What happens when an introverted mother feels the need to advocate for her son? She finds herself in a bit of a pickle.
I have been an introvert for as long as I can remember until about four years ago when my son was born with an extra chromosome. This was the moment that would eventually be what I consider the catalyst that put me on the path to advocacy, completely out of my comfort zone.
Let me go back a little to explain the type of introvert I was. I had my six or seven friends since I was a little girl. I grew up with many cousins, all close together. I consider these girls my sisters from other misters. So much so that I ended up with 17 bridesmaids at my wedding. Yup, I was that girl.
However, when it came to interacting with others, I was extremely introverted, unless I had the help of some liquid courage. If I had a class in high school without any of my close girlfriends, I would strategically bring a book to read in the corner while I waited for class to begin. In college, my own future husband tried to get me out of my introverted shell by attempting to talk to me in the morning before our 8 a.m. class began, almost always striking out. (Obviously, his attempts were not a complete failure since we eventually married four years later).
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Fast forward to 2017. I was still a happy introvert, with my family of three—a beautiful baby girl and my husband, both of whom are extreme extroverts.
If you were to put them next to anyone, they would talk to them about anything. Complete opposites from me.
Then, in October of 2017, we received a prenatal diagnosis that our son would be born with Down syndrome. I crawled into my nice little cave and somehow processed the news with the outpouring of love and support from my family and friends. My husband handled it much better than I did, but I got there eventually.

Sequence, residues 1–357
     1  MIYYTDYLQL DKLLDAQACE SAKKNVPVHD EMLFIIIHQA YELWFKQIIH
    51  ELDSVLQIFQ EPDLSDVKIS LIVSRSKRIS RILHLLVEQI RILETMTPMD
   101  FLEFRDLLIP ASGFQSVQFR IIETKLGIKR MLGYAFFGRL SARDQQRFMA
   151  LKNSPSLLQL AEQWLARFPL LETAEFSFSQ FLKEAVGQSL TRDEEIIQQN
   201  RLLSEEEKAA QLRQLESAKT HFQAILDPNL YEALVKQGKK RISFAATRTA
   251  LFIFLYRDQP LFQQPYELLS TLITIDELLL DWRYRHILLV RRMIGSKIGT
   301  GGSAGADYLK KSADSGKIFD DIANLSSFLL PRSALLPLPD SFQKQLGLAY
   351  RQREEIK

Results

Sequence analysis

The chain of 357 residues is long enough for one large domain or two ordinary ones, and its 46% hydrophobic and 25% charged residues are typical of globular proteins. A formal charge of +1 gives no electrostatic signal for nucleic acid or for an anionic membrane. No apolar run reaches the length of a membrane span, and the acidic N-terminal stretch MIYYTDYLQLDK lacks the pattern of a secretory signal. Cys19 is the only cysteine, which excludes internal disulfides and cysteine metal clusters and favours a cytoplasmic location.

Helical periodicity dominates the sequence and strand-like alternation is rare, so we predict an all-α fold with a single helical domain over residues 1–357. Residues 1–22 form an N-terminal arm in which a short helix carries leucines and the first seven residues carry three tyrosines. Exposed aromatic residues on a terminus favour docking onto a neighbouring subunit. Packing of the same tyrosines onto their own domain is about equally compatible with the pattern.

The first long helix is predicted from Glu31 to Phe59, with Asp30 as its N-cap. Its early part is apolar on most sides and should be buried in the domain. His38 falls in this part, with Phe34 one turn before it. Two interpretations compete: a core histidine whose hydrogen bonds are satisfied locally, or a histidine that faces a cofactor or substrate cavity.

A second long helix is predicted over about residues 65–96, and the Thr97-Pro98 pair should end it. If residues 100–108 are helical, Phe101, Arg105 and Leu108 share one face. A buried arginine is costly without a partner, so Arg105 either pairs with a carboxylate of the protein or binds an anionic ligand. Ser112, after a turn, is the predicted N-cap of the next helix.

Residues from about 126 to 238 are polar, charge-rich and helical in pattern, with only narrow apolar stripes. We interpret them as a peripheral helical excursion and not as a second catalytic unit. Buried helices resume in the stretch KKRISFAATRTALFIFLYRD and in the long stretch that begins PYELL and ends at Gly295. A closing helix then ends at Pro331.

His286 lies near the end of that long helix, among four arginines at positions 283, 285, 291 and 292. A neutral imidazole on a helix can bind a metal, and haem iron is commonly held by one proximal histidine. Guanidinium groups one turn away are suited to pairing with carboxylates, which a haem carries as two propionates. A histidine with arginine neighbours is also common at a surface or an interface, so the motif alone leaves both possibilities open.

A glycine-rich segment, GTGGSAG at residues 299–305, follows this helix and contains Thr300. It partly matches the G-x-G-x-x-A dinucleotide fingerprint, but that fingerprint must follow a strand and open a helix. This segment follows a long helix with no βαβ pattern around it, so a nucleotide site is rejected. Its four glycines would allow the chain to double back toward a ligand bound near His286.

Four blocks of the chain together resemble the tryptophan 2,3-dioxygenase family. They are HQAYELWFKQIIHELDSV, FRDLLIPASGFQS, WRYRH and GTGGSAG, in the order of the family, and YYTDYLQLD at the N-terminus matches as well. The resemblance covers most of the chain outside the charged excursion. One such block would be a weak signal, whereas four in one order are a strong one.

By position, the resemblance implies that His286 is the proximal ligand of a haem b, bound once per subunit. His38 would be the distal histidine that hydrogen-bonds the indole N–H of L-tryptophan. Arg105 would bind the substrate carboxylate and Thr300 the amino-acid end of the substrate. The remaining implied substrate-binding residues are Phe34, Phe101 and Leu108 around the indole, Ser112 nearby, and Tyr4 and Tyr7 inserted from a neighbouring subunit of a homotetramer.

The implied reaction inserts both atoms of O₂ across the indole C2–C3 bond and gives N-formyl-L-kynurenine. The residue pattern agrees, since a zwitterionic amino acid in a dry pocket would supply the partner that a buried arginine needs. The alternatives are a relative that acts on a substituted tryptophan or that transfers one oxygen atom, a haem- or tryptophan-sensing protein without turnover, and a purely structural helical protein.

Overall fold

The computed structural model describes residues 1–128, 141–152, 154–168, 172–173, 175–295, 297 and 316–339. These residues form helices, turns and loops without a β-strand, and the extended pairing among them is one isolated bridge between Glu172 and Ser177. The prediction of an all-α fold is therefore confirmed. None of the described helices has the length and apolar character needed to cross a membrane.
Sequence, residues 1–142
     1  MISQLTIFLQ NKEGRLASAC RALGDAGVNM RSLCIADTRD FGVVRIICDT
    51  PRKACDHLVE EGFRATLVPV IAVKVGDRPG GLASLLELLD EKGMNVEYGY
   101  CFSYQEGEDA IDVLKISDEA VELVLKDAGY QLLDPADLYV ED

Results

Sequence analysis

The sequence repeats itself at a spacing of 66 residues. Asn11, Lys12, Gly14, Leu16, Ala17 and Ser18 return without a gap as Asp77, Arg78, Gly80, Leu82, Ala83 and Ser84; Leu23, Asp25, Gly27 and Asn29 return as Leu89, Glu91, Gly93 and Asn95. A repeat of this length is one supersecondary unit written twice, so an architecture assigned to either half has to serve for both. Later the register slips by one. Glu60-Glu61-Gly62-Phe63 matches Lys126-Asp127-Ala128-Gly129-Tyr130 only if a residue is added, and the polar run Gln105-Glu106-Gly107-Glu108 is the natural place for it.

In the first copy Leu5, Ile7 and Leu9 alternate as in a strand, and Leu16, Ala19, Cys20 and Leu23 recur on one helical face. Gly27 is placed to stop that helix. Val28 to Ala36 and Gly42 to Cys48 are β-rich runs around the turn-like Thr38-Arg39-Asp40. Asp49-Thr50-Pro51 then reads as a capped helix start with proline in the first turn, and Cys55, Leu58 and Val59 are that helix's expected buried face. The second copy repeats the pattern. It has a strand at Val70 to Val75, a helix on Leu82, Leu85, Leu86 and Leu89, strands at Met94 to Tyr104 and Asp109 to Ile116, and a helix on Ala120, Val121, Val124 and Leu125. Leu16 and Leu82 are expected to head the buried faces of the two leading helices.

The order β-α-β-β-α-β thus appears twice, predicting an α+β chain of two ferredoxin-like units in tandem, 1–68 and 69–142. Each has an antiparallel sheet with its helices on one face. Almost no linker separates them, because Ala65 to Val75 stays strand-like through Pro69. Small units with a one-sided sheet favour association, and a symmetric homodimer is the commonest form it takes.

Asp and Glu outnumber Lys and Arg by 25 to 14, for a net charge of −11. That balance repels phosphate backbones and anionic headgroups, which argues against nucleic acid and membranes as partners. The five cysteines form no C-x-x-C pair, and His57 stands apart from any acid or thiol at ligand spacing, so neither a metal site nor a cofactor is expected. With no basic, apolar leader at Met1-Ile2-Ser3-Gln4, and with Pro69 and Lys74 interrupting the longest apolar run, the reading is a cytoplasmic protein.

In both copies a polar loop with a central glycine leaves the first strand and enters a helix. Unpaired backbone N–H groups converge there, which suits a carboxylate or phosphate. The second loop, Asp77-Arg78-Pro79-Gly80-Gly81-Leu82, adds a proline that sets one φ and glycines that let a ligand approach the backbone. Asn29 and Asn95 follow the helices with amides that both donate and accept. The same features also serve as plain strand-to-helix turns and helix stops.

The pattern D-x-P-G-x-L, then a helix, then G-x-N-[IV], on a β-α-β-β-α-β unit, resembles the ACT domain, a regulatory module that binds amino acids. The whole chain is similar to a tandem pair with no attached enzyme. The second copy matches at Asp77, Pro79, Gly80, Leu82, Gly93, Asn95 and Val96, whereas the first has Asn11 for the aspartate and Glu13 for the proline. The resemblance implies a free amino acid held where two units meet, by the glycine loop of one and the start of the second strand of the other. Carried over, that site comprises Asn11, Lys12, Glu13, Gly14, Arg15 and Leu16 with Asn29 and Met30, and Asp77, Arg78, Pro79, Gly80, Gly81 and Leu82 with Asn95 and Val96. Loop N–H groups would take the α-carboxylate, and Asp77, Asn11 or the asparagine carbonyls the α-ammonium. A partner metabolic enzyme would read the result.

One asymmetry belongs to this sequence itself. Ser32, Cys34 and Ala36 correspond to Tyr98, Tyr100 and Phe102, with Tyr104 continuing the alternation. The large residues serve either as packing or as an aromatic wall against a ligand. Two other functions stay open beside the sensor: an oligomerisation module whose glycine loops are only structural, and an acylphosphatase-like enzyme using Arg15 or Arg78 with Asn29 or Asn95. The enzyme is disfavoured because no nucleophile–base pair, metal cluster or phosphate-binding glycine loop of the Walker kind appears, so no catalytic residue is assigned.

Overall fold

A year later, on Halloween, I was dressed up as Flounder from The Little Mermaid carrying my little Sebastian, our 7-month-old boy who happened to rock that extra chromosome. I walked next to my daughter, aka Ariel, and my husband, a.k.a. Prince Eric. It was then I decided, I was going to start an advocate Instagram account for my son, for parents who find themselves with an unexpected diagnosis, and for others who need help fighting against stereotypes placed on them by society. That’s a pretty big undertaking for someone who is an introvert, so I’m not exactly sure where I got that courage from. If I had to guess, I would say it’s that unexplainable, unconditional love we innately inherit when we become parents.
Fast forward to the present day. I find myself sharing with strangers more about my life, my thoughts, and my family than I ever could have imagined I would share. I am happy to share my thoughts through typing out words, but that’s where I draw the line.
I like to call myself a behind-the-scenes advocate.
My face makes an appearance every now and then, but for the most part, I just let my son demonstrate how there’s #nothingdownaboutit. It’s safe to say I have held on to a little bit of that girl who prefers to keep to herself. I still find it extremely uncomfortable to walk up to people I just met and start a conversation with them. I still would much rather grab a book or watch a movie without having to talk to anyone.
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Just the other day, I was walking with my daughter along the beach when she spotted a little girl about her age playing on the shore. She was with her mother who was watching nearby. My daughter grabbed my hand and said, “Come on Mami! Let’s go make new friends.”
I stopped, looked down at her, and asked myself how it was possible that she was my daughter. I smiled and said sure, but the reality is I had no intention to strike up any conversation with the mother.
There are times when I wonder how I can possibly advocate being how I am. Yet, here I am.
I think our kids can make us do things we never thought we’d do if it means they can have a happier life. I think you can very easily advocate without saying a word out loud. I don’t need to go to the other extreme just to shout out that my son, regardless of his differences, brings value to our world. I can do this by opening up our shell a little and sharing glimpses of our lives. Don’t expect me to start talking to everyone about anything, I’ll leave that to the extroverts, but do expect me to mention the important stuff.